Oh, W. C., Hill, T. C. & Zito, K. Synapse-specific and size-dependent mechanisms of spine structural plasticity accompanying synaptic weakening. Proc. Natl. Acad. Sci. 110, E305–E312 (2013).

11. 11.

Yuste, R. & Bonhoeffer, T. Morphological changes in dendritic spines associated with long-term synaptic plasticity. Annu. Rev. Neurosci. 24, 1071–1089 (2001).

12. 12.

Holtmaat, A. & Svoboda, K. Experience-dependent structural synaptic plasticity in the mammalian brain. Nat. Rev. Neurosci. 10, 647–658 (2009).

13. 13.

Matsuzaki, M. et al. Dendritic spine geometry is critical for AMPA receptor expression in hippocampal CA1 pyramidal neurons. Nat. Neurosci. 4, 1086–1092 (2001).

14. 14.

Nusser, Z. et al. Cell type and pathway dependence of synaptic AMPA receptor number and variability in the hippocampus. Neuron 21, 545–559 (1998).

15. 15.

Spires, T. L. Dendritic Spine Abnormalities in Amyloid Precursor Protein Transgenic Mice Demonstrated by Gene Transfer and Intravital Multiphoton Microscopy. J. Neurosci. 25, 7278–7287 (2005).

16. 16.

Comery, T. A., Stamoudis, C. X., Irwin, S. A. & Greenough, W. T. Increased density of multiple-head dendritic spines on medium-sized spiny neurons of the striatum in rats reared in a complex environment. Neurobiol. Learn. Mem. 66, 93–6 (1996).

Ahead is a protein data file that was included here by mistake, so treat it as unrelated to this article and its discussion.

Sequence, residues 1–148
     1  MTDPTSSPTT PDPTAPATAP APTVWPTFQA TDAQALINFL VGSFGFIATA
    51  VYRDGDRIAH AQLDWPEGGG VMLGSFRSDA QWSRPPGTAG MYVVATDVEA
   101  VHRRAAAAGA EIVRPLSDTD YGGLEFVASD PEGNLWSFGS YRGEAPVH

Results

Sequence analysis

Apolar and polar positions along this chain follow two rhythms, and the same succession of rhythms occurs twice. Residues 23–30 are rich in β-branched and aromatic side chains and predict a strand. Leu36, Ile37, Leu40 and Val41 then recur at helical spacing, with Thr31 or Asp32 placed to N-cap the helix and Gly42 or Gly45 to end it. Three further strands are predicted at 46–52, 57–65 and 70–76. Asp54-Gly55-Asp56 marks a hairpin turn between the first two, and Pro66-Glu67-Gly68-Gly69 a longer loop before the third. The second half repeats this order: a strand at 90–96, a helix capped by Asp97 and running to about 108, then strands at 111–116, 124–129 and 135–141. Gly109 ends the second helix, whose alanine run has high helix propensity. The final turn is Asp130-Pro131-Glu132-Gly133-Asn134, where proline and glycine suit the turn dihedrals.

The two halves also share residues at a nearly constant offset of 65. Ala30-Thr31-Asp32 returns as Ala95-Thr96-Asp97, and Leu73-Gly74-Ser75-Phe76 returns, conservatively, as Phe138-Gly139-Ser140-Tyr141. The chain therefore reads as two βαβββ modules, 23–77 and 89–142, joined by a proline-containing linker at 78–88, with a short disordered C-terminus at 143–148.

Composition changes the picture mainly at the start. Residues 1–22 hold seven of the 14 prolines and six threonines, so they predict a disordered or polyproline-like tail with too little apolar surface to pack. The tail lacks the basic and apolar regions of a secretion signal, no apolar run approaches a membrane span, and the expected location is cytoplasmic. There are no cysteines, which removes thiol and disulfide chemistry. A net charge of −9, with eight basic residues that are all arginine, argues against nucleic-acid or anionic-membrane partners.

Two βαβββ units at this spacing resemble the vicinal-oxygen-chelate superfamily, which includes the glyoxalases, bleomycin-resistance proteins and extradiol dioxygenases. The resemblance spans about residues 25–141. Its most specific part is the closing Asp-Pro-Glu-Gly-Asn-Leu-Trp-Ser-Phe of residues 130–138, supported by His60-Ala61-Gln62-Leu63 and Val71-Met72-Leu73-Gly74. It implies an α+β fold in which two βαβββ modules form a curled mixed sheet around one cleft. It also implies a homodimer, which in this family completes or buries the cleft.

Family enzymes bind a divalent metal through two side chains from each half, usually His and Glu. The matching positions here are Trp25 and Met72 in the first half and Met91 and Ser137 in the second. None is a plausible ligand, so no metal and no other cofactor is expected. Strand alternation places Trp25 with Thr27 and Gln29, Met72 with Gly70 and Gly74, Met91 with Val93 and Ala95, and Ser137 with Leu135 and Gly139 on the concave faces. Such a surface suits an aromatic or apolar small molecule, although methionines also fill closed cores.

17. 17.

Caroni, P., Donato, F. & Muller, D. Structural plasticity upon learning: regulation and functions. Nat. Rev. Neurosci. 13, 478–490 (2012).

18. 18.

Nägerl, U. V., Eberhorn, N., Cambridge, S. B. & Bonhoeffer, T. Bidirectional activity-dependent morphological plasticity in hippocampal neurons. Neuron 44, 759–767 (2004).

19. 19.

Zhou, Q., Homma, K. J. & Poo, M. Shrinkage of dendritic spines associated with long-term depression of hippocampal synapses. Neuron 44, 749–757 (2004).

20. 20.

Araya, R., Vogels, T. P. & Yuste, R. Activity-dependent dendritic spine neck changes are correlated with synaptic strength. Proc. Natl. Acad. Sci. 111, E2895–E2904 (2014).

21. 21.

Chen, C.-C., Lu, J. & Zuo, Y. Spatiotemporal dynamics of dendritic spines in the living brain. Front. Neuroanat. 8, 28 (2014).

22. 22.

Mishchenko, Y. et al. Ultrastructural analysis of hippocampal neuropil from the connectomics perspective. Neuron 67, 1009–1020 (2010).

23. 23.

Mukai, H. et al. Automated analysis of spines from confocal laser microscopy images: application to the discrimination of androgen and estrogen effects on spinogenesis. Cereb. cortex 21, 2704–2711 (2011).

24. 24.

Son, J., Song, S., Lee, S., Chang, S. & Kim, M. Morphological change tracking of dendritic spines based on structural features. J. Microsc. 241, 261–272 (2011).